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U.S. Secretary Slater Names Highway to Honor Civil Rights Leader

American Government Special Collections Reference Desk

American Government Topics:  Rodney E. Slater

U.S. Secretary Slater Names Highway to Honor Civil Rights Leader

U.S. Department of Transportation
November 2, 2000

FOR IMMEDIATE RELEASE
Thursday, November 2, 2000
Contact: Ben Langer
Phone: (202) 366-5580
DOT 217-00

ST. LOUIS, MO -- U.S. Secretary of Transportation Rodney E. Slater today honored a pioneer of the civil rights movement by dedicating a one-mile section of I-55 south of downtown St. Louis, MO as the Rosa Parks Highway.

"Forty-five years ago, Mrs. Rosa Parks’quiet defiance greatly contributed to the civil rights movement, said Secretary Slater. "Today’s naming of the Rosa Parks Highway reminds individuals that transportation is about more than concrete, asphalt, and steel. It’s about people and empowering citizens to fulfill their dreams."

During the 2000 legislative session, the Missouri Legislature passed a bill, sponsored by State Senator William Clay and State Representative Russell Gunn, to name a 1.13-mile stretch of Interstate 55 from one mile south of Lindbergh Boulevard to Butler Hill Road the "Rosa Parks Highway." Former Governor Mel Carnahan signed the bill into law on May 30, 2000.

Mrs. Rosa Parks, often called the "mother of the civil rights movement," is best known for her refusal to give up her seat on a segregated Montgomery, Alabama bus in December 1955. Her subsequent arrest was the catalyst for the year-long Montgomery Bus Boycott, the first victory in the growing civil rights movement.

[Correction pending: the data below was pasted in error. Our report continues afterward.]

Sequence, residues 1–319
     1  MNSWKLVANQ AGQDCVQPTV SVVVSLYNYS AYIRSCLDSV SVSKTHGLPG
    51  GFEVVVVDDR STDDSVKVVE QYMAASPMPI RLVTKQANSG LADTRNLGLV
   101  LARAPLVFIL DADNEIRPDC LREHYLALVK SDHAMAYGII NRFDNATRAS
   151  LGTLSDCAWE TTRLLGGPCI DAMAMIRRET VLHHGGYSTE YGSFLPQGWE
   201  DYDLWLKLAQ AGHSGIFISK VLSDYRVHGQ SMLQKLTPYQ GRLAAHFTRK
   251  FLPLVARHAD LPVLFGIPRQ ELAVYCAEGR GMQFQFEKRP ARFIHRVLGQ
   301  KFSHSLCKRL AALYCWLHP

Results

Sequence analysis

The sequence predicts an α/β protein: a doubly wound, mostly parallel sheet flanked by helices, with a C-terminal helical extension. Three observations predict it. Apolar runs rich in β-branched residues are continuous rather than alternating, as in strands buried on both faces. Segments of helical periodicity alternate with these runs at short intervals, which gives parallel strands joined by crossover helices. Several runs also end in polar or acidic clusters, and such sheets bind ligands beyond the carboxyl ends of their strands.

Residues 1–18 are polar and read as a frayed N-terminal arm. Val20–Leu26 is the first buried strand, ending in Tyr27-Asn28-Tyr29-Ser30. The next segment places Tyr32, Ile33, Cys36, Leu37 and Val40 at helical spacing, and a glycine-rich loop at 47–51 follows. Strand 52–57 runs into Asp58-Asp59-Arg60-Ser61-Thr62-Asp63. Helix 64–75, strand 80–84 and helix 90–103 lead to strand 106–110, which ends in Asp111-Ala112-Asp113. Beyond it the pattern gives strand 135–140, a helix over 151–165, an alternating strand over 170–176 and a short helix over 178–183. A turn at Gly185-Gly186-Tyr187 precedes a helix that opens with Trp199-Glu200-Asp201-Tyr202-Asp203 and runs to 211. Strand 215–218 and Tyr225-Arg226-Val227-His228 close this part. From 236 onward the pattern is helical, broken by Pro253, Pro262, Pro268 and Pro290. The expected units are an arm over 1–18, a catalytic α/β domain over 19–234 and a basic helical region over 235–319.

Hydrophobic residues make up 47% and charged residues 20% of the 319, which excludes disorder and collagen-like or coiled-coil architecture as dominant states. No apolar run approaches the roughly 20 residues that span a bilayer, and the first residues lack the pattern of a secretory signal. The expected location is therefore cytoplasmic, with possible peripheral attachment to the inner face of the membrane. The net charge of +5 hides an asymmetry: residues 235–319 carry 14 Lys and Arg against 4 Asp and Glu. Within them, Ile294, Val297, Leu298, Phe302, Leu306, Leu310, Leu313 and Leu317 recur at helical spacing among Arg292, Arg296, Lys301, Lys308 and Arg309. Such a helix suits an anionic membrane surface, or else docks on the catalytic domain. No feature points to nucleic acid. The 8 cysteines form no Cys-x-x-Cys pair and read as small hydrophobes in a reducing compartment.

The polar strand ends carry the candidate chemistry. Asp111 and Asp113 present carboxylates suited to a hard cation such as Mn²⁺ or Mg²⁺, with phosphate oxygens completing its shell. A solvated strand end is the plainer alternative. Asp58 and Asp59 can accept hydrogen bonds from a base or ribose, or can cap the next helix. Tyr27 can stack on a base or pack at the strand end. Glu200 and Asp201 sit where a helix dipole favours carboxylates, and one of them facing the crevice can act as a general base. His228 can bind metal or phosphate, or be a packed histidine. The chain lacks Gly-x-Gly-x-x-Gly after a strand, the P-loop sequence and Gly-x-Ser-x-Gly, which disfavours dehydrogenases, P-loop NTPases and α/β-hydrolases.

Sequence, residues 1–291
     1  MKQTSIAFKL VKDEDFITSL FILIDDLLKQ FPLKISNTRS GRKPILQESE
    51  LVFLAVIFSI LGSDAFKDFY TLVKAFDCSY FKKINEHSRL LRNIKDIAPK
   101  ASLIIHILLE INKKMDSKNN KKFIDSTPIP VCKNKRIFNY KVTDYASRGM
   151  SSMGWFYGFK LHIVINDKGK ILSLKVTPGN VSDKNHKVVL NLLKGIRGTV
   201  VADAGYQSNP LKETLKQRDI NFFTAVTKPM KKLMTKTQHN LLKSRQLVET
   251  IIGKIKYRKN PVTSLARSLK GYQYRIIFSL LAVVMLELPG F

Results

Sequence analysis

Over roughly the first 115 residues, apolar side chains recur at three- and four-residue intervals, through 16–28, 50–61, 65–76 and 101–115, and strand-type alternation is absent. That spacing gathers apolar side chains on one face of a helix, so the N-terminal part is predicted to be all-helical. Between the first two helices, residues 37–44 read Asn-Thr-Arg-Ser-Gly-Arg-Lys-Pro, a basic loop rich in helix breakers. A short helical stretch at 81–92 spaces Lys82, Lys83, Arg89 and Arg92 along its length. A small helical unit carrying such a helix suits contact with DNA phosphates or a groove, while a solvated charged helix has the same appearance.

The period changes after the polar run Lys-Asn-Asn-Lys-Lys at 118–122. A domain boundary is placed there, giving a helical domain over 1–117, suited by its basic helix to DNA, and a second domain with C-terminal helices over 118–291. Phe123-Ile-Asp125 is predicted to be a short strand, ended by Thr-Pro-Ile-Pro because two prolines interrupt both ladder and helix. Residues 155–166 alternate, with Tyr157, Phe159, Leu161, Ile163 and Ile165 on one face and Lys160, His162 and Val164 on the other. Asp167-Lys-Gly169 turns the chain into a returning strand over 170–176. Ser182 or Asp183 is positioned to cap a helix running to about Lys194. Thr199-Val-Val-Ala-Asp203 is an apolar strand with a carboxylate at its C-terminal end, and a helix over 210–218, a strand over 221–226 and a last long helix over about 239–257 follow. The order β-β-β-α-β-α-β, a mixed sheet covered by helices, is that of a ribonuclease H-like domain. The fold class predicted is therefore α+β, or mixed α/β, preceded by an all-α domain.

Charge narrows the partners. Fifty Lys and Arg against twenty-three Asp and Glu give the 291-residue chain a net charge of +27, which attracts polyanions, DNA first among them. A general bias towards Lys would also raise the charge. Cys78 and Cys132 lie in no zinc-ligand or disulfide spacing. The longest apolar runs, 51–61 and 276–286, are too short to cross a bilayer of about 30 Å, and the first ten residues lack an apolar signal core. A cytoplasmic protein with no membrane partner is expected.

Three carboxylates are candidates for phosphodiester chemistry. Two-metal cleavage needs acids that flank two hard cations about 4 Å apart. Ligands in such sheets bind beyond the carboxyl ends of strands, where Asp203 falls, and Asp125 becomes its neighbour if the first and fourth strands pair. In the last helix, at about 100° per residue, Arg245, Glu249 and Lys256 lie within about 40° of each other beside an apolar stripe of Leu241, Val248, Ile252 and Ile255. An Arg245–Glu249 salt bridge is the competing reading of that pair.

Secretary Slater join Senator Clay and Representative Gunn, government officials, state highway personnel, and community and religious leaders in unveiling the new signs that will mark the highway. The signs will be located along southbound I-55 north of Mattis Road and along northbound I-55 south of Butler Hill Road.

The Missouri Legislature named the highway in honor of Mrs. Rosa Parks because she represents the power of one individual to act as a change agent and to remind citizens that they have the ability to create positive change within their spheres of influence.

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